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The co-existence of Gir's lions and maldharis

  Times of India, Delhi, 26th August 2014

 

The secret why lions have been flourishing in Gir has finally been decoded. Wildlife experts have found that it is the generosity of maldharis, who do not grudge the big cats preying on their cattle, deserve to be given credit for the steady growth in population of the Asiatic lions. A study by YV Zala of Wildlife Institute of India (WII) and his team says that the maldhari communities and lions of Gir co-exist in a win-win situation. A major part of the lion prey base is the livestock of maldharis while the community gains from free access to forest resources. The WII study, 'Living with Lions: The Economics of Coexistence in the Gir Forests, India', done by Kaushik Banerjee, Yadvendradev V Jhala, Kartikeya Chauhan and Chittranjan V Dave reveals that Gir maldharis do not view lions as a threat.

 

There had been no attack by the big cats on humans in the past two decades within the area covered in the study. Moreover, lions had attacked and killed mainly unproductive cattle (such as bulls, ailing calves, aged, and dying cattle) for food. The study further states that the average annual financial loss per household for maldharis because of livestock lost to lions (after excluding compensation) was minimal (Rs 2,038). But the free grazing rights and the compensation at current rates were additional profits for maldhari families living inside Gir. The profit is approximately equivalent to a person's annual minimal wage for 213 man days.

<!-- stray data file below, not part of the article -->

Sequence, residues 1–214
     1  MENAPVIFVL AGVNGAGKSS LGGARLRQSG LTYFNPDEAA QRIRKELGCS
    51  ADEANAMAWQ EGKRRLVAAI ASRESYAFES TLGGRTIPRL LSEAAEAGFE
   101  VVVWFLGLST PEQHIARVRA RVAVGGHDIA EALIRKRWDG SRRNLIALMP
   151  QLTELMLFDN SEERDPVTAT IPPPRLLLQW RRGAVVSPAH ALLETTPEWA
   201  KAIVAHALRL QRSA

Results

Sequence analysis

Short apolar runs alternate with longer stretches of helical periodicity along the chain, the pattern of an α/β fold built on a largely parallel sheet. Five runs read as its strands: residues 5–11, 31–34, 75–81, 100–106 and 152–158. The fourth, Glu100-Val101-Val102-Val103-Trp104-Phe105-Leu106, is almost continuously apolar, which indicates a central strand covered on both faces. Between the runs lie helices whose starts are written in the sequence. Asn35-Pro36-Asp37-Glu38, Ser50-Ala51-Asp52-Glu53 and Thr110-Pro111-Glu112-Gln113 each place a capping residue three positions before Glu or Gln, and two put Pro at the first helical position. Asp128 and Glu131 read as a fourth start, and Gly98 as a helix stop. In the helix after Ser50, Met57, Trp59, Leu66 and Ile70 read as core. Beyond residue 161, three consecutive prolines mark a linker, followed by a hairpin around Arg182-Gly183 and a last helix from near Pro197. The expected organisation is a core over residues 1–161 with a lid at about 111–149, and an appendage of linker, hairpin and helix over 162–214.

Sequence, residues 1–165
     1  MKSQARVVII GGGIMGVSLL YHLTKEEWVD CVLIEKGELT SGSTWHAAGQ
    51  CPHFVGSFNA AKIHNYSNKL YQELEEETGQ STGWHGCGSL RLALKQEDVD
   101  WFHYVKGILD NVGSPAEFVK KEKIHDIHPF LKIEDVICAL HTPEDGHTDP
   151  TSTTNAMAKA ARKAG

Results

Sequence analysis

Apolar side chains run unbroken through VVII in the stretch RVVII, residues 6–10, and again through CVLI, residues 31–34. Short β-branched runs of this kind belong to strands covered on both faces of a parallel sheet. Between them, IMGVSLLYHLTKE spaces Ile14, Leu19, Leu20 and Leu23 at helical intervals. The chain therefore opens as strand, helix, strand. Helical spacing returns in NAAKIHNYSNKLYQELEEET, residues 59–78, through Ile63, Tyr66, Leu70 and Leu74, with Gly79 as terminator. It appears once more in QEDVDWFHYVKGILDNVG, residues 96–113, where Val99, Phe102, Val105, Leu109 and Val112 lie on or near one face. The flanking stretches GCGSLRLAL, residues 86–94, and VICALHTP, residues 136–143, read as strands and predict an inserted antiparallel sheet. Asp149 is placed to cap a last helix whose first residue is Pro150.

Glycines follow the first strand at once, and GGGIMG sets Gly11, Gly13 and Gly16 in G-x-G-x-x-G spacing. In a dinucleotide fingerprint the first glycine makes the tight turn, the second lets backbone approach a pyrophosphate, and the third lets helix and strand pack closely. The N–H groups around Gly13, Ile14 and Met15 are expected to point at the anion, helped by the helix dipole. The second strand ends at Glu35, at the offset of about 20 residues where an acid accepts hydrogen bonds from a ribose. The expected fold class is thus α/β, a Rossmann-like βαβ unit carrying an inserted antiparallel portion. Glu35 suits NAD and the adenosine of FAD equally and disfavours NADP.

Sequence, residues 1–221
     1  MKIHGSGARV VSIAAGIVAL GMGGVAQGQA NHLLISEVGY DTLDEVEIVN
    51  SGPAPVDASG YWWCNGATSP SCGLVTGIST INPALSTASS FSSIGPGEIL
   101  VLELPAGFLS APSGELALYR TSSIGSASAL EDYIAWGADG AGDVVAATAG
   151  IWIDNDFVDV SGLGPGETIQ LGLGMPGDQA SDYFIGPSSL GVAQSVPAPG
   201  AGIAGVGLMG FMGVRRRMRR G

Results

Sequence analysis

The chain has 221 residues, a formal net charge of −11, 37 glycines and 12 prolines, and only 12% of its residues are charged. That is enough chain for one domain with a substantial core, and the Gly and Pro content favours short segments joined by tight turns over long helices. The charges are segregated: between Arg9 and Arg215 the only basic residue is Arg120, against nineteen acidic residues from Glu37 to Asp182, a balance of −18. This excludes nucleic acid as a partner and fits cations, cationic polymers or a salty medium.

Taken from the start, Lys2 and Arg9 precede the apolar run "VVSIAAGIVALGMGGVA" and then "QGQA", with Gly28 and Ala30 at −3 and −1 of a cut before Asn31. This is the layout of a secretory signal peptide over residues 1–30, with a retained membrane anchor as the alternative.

The report further states that the study had not taken into consideration the additional benefits maldharis get by living inside Gir. These benefits include collection of fuel wood and minor forest products, use of forest topsoil mixed with dung sold as manure, free access to water, job opportunities with the forest department and maintaining their social customs. The study reveals that the total revenue loss because of hunting by lions came to Rs 3.56 lakh per 100 live stock (in cases where government pays compensation. Where no compensation was paid, the loss was Rs 6.19 lakh). The study further states that a family which had 100 heads of livestock annual made Rs 11.04 lakh per annum because it lived with lions.

 

This was only where compensation was paid for livestock lost to the big cats. Where compensation was not paid, a family made Rs 8.40 lakh per annum. Zala and his team have recommended that if removal of livestock is ever contemplated, it should be done in a phased manner so the natural prey base of the lions can be built up. However, removal of livestock was unlikely to be fully compensated by any increase in wild ungulate biomass. With a lion-focused conservation policy for Gir, maintaining livestock at the current levels or lower stock density could also be considered as an alternative management practice.